3. Balance of the Hardships
A "balance of the hardships tipping decidedly toward the party requesting preliminary relief" must be shown only when a movant fails to sufficiently demonstrate a likelihood of success on the merits, and can instead make out only "sufficiently serious questions going to the merits to make them fair ground for litigation." ICN Pharmaceuticals, 2 F.3d at 490. Without deciding that Plaintiff's allegations as to Daron fail to meet the higher hurdle, this Court nonetheless finds that the greatest potential hardship stands to be borne by employees represented by Plaintiff, who could face the prospect of the loss of significant value of their retirement income should the remaining assets of Crest or Daron disappear. Defendants imply that an asset sale would generate proceeds that would be available to the Funds. Def.'s Mem. Opp. Pl.'s Mot. Inj. Rel. at 10. However, in the absence of any affirmative obligation on the part of the owners of Crest and certain Crest equipment and/or leases (West Shore and Daron, respectively), which Defendants assertedly do not recognize, there is no reason to believe that the proceeds of such a sale would accrue to the Funds.
The Defendants, on the other hand, have not demonstrated that temporarily enjoining the sale of Crest would work a hardship to them. Defendants state that if they are enjoined from disposing of Crest, they will have to cease doing business entirely. Id. The Court finds this argument unpersuasive; by definition, if the Defendants sell Crest, they will cease conducting that printing business. As to Daron, the Defendants have presented no evidence to this Court indicating that the company would be imperiled by a Court order placing the proceeds from any asset sales into an escrow account pending settlement or adjudication of the merits of the case at bar.
Summary and Order
For the foregoing reasons, the Court finds that Plaintiff has met its burden of demonstrating that the sale or other disappearance of Crest's and/or Daron's assets would constitute an irreparable injury to the Funds. In light of prior judgments handed down concerning Crest's delinquency in making required contributions to the Funds, the Court finds that Plaintiff has demonstrated a likelihood of success on the merits as to Crest; as to Daron, the Court finds that Plaintiff has at least shown sufficiently serious questions going to the merits of the issue of alter ego liability to make them fair ground for litigation. In addition, the Court finds that the balance of hardships on the question of the issuance of an injunction tips decidedly toward the Plaintiff. Therefore, Defendants, their agents, servants, employees and all persons acting in their behalf are hereby enjoined from, directly or indirectly, transferring, selling, or in any other way disposing of the business and/or assets of Crest and/or Daron without the prior consent of the Plaintiff; provided, however, that such consent shall not be withheld except in the event that Plaintiff in good faith believes such transfer, sale, or disposition to be fraudulent or not to be the result of an arms-length transaction. It is further Ordered that any proceeds from any sale of assets by any Defendant executed pursuant to this Order be deposited in escrow with the Clerk of this Court (or, upon Plaintiff's consent, in some other account) until the relative rights of Plaintiff, Defendants, and other creditors are adjudicated or otherwise agreed to by the parties.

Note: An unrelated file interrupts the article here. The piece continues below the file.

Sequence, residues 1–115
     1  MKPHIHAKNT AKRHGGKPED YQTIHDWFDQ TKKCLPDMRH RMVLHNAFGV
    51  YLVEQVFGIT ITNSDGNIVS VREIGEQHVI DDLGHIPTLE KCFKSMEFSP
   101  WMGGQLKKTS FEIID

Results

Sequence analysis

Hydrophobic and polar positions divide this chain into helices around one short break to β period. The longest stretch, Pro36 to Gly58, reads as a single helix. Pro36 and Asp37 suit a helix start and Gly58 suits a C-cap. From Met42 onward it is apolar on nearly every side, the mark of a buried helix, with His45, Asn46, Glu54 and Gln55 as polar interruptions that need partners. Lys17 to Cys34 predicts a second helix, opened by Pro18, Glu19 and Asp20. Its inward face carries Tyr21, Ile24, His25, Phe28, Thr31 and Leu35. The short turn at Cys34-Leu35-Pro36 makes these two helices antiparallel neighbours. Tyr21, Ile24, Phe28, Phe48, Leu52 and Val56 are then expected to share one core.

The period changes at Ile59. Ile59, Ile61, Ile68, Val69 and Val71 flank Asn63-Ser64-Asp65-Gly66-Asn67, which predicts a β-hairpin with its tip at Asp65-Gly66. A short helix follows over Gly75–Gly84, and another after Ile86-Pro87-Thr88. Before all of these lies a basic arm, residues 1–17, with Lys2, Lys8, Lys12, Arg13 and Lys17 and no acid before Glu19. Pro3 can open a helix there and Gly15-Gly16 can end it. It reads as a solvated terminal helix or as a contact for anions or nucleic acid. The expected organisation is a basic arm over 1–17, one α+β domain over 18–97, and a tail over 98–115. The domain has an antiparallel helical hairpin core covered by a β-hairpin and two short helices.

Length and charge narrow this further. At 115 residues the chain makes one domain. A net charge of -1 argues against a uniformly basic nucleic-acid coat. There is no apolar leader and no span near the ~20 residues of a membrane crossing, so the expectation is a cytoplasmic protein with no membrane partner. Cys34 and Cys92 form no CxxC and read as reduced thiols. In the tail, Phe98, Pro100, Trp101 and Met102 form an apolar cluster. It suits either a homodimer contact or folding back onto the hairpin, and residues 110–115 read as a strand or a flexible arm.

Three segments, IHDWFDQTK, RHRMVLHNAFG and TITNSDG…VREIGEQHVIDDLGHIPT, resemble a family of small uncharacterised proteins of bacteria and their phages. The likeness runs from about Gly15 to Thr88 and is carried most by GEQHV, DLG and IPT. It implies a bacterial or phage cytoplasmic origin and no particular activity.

Settle injunction (through the Orders and Appeals section of the Clerk's office) on five days' notice, with suggestions as to bond.
The parties will complete discovery by March 31, 1994. The case is referred to Magistrate Judge Buchwald for general pretrial purposes.
Dated: New York, New York
November 1, 1993
LAWRENCE M. McKENNA